Shabad (Sanskrit sabda. of obscure etymology) is generally rendered as sound, voice or tone. Another series of meanings includes word, utterance, speech. In distinctive Sikh usage shabads means a hymn or sacred work from the Guru Granth Sahib. In the theological sense, it stands for then `Word` revealed by the Guru. In the Guru Granth Sahib it is spelt as sabad with its inflectional variations sabadu, sabadi and sabade. Its equivalent substitutes used in the Sikh Scripture are dhun or duni (Sanskrit dhavni), nad, anahad nada), bachan, bani, kavao. Shabad is often linked with guru to form gurshabad or guru ka shabad (Guru's word) Inasmuch as shabad is connected with both sound and voice.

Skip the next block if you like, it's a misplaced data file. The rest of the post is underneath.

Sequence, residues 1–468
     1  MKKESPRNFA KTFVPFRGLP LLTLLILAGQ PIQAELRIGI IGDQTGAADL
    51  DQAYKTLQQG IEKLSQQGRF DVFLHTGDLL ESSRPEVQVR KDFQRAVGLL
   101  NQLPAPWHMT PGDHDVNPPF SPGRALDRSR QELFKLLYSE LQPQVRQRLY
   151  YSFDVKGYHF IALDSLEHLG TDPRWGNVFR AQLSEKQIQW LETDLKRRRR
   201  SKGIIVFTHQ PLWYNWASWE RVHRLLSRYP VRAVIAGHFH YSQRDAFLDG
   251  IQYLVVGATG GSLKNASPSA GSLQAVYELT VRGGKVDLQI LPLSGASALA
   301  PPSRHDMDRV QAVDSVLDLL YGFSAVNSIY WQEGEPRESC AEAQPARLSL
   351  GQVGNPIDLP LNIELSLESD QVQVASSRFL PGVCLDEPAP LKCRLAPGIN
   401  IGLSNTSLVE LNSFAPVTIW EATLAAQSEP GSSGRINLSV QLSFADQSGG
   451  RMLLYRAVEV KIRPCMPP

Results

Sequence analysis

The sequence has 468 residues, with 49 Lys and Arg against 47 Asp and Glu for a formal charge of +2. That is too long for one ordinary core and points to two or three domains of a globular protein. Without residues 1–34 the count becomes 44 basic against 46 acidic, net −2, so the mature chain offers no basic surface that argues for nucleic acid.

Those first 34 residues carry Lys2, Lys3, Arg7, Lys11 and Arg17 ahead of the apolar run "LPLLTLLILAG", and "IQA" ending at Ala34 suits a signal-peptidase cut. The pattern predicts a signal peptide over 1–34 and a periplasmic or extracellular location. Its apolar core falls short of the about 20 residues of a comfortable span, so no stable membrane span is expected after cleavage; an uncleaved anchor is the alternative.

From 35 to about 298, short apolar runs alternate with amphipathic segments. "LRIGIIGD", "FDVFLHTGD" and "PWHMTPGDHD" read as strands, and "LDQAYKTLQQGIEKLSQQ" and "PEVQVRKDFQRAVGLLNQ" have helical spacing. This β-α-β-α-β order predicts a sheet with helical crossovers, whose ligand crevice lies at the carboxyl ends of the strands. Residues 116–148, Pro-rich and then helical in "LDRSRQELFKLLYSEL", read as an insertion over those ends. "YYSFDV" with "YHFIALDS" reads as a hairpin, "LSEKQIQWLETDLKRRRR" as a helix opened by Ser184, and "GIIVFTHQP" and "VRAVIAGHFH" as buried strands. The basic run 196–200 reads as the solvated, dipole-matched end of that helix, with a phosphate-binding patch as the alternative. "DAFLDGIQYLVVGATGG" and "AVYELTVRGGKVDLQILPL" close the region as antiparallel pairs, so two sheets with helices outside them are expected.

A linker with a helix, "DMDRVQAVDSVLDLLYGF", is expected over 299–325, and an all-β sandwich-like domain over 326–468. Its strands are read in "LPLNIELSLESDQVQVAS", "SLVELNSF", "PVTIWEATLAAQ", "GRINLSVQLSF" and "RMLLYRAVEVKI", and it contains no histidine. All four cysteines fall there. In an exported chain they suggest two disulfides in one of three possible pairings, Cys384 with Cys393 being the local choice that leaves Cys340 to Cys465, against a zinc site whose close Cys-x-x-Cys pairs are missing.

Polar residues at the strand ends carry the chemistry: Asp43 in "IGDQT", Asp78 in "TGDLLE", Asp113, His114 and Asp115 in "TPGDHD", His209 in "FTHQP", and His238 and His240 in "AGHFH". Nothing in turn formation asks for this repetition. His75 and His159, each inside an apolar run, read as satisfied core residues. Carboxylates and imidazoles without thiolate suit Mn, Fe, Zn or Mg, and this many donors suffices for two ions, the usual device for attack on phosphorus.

The Guru's voice ~ the utterences ~ as preserved in the Guru Granth Sahib is Gurshabad or Gurbani. It is noteworthy that the term shabad, which occurs independently in the Guru Granth Sahib 1271 times, is also linked 572 times with the term guru. It is nowhere used in the sense of ordinary human word or speech : in reference to common human speech other terms such as bolna, boli, akhan, kahan-kahavan and kathan are used.
One of the features of Sikh doctrine of shabad is the emphasis placed on nam, i.e. repitation of the Name (nam) of God; this name is shabad. The recitation (path) of the Guru Granth Sahib and of the texts from it is an essential part of Sikh practice. One of the nine forms of bhakti is listening (sravana) to shabad, nam, bani, i.e. words denoting God and His Greatness. Words or sounds are the means of celebrating and singing the glories of God and this act is called Shabad Kirtan.
So, celebrating and singing the glories of God along with listening (sravana) to shabads, here we are pleased to present treat to your ears ~ shabads sung by S.Surinder Singh Matharoo (Kuwait Wale).